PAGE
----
There are some businesses that are integral in the fabric and story of a community.
Think about the town you live in. If someone asks, “What are some things I HAVE to do when I visit?” you immediately think of them. Maybe the dive bar in that back alley, an ice cream shop that has handmade old-fashioned vanilla but you have to specifically ask for it, a barber shop that only does high fades, a music venue where every good band played before they got famous.
“But where should I eat when I go there?”
A good restaurant or two or five aren’t just threads in the fabric of a town, they’re a whole cross section. Until your town has the perfect place to eat, it’s just plain not a town yet.
Our guest today is the owner of one such eatery. Anyone who knows anything about Bloomington, Indiana is going to insist that you eat at his place at least once while you’re here. In the 1970’s, you would stumble into the Uptown Café after a long night listening to music at the Bluebird. You’d order gumbo or jambalaya to soaked up all the booze.
But now, 40 years later, Michael Cassady has refined the dining experience. His place seats 250 people instead of 30. Breakfast, lunch, and dinner are served and the place closes at 10. Michael sees his restaurant as a kind of urban work of art and anyone who’s spent a moment inside couldn’t agree more. On today’s show, Michael shares the story of The Uptown Café.
We’re glad you joined us!
Here are some highlights:
What childhood memories led Michael to starting The Uptown?
Michael grow up in Fort Wayne, Indiana and used to watch Justin Wilson talk about Louisiana cooking on PBS. He’s loved the big flavors of the Big Easy ever since.
Michael moved to Bloomington in the 1960’s to study political science. The whole time he was in school, he was cooking. He spent time at The Office Lounge, The TOA, The New Age Deli, The Vienna Doghouse, The Gables, and lots of other places.
He finally decided to buy his own placer and start a diner. He modeled it after The Empire Diner in New York City and fashioned the cooking style after Paul Prudhomme.
What’s evolved since you started the Uptown?
When Michael started, there really wasn’t a whole lot as far as good cuisine. Even yogurt was seen as a left wing food. American food has come a long way since then.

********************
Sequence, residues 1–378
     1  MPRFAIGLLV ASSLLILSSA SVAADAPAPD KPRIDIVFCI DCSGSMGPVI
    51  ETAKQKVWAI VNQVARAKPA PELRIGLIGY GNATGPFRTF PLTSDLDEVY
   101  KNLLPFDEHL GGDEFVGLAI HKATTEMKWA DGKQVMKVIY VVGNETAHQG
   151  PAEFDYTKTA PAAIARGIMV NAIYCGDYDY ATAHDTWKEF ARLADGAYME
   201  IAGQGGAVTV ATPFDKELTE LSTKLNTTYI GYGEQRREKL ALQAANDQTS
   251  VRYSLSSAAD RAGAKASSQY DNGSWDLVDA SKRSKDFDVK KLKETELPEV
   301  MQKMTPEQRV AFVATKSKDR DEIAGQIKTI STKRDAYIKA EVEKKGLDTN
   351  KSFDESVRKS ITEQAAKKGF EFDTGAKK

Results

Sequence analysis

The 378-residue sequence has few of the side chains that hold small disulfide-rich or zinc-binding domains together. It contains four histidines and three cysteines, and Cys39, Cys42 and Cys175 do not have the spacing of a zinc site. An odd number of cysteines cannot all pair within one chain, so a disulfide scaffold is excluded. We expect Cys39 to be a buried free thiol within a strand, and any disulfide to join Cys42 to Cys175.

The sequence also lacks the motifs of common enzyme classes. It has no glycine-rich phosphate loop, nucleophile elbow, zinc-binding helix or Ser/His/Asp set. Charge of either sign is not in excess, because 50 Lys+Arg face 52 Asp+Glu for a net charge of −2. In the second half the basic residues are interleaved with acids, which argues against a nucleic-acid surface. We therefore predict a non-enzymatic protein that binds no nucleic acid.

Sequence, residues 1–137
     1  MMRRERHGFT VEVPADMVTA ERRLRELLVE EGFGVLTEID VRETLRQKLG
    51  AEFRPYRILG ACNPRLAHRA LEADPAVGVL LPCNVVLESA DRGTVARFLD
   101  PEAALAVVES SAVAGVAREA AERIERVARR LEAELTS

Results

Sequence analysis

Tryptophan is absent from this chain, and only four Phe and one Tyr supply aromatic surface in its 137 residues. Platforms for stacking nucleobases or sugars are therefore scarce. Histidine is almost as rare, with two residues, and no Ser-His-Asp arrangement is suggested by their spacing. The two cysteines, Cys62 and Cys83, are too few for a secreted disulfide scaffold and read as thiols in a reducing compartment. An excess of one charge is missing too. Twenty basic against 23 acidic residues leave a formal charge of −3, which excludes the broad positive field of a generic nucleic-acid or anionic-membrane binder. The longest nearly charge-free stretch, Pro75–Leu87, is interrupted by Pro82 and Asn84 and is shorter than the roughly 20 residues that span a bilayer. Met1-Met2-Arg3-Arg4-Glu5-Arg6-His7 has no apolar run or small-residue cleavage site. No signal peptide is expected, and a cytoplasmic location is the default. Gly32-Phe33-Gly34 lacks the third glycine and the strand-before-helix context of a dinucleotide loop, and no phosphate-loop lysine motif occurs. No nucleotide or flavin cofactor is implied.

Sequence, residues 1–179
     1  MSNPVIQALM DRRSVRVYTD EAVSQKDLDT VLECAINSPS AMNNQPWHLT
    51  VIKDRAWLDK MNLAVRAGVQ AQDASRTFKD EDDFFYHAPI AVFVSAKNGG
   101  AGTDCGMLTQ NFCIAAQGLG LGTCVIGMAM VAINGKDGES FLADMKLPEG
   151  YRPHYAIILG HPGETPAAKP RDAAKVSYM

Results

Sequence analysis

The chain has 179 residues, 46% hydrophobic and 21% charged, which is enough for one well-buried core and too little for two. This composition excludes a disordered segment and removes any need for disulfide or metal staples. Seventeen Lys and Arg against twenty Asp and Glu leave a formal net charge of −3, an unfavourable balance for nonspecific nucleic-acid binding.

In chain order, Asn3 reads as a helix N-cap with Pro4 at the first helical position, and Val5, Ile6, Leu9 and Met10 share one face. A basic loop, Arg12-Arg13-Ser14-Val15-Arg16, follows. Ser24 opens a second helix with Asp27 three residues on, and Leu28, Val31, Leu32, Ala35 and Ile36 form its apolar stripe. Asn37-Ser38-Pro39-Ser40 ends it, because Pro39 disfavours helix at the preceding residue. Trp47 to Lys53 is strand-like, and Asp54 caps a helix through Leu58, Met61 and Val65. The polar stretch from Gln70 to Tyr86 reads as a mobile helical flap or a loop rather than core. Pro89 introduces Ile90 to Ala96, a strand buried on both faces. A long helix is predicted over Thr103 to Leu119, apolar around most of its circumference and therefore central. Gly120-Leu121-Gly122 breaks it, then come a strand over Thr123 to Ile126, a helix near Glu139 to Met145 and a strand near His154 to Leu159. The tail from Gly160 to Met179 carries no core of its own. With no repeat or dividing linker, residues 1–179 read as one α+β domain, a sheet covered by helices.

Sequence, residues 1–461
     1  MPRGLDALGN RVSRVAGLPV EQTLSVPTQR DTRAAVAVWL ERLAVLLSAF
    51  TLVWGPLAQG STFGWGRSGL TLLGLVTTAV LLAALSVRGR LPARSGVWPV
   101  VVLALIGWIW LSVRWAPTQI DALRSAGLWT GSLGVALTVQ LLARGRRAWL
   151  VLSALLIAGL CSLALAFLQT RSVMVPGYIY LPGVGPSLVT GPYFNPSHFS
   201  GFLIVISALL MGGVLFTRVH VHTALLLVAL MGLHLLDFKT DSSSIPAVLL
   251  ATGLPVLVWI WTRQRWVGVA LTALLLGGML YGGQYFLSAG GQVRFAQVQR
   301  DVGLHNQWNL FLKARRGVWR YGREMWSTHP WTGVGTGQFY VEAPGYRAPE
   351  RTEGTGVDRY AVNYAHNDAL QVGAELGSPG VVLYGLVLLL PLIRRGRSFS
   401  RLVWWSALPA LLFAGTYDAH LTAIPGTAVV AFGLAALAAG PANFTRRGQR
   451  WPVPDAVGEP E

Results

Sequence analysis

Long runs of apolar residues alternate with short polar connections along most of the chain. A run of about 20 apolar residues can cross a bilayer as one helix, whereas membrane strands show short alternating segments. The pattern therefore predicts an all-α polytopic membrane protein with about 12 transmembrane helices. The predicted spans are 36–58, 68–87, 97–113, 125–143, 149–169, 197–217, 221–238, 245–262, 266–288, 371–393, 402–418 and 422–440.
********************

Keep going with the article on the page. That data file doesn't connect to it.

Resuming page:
Where do you go when you want to get some food out?
It’s not something Michael does a lot. He lives in the county and generally doesn’t want to go out once he gets home.
When he does go out, he generally goes to places where he loves the chef like C3, Feast, Finchs, & NOCO. His buddy owns Mother Bears Pizza so that’s on his list too.
What advice do you have for people who want to open a restaurant?
Keep it simple.
Always have a group of trusted advisors.
What does The Uptown look like in 5 years?
Michael is 68 years old and he know that The Uptown will need new leadership soon. He’s hoping he can hand the operations down to one of his sons or create another plan that keeps it in the family.
Special thanks to Michael Cassady for taking the time to share the Uptown story with us.
The show was produced and edited by me Jeremy Goodrich.
The music is by my high school buddy Mark VInten. In high school, we played a lot of soccer together. I was the goalie and he was the sweeper. For anyone who understands that relationship, it makes total sense why we’re still friends 25 years later.
If you enjoyed this podcast, there’s a couple of things we need you to do right now. First subscribe to Scratch Entrepreneur on itunes, Stitcher, Google Play or wherever you listen to podcasts so you can hear future episodes as soon as we release them. While you’re there, please give the show a review. We’d love to know what you liked, what you didn’t, and what you want to hear next.
Until the next time, We truly appreciate you listening.
Mentioned in the episode: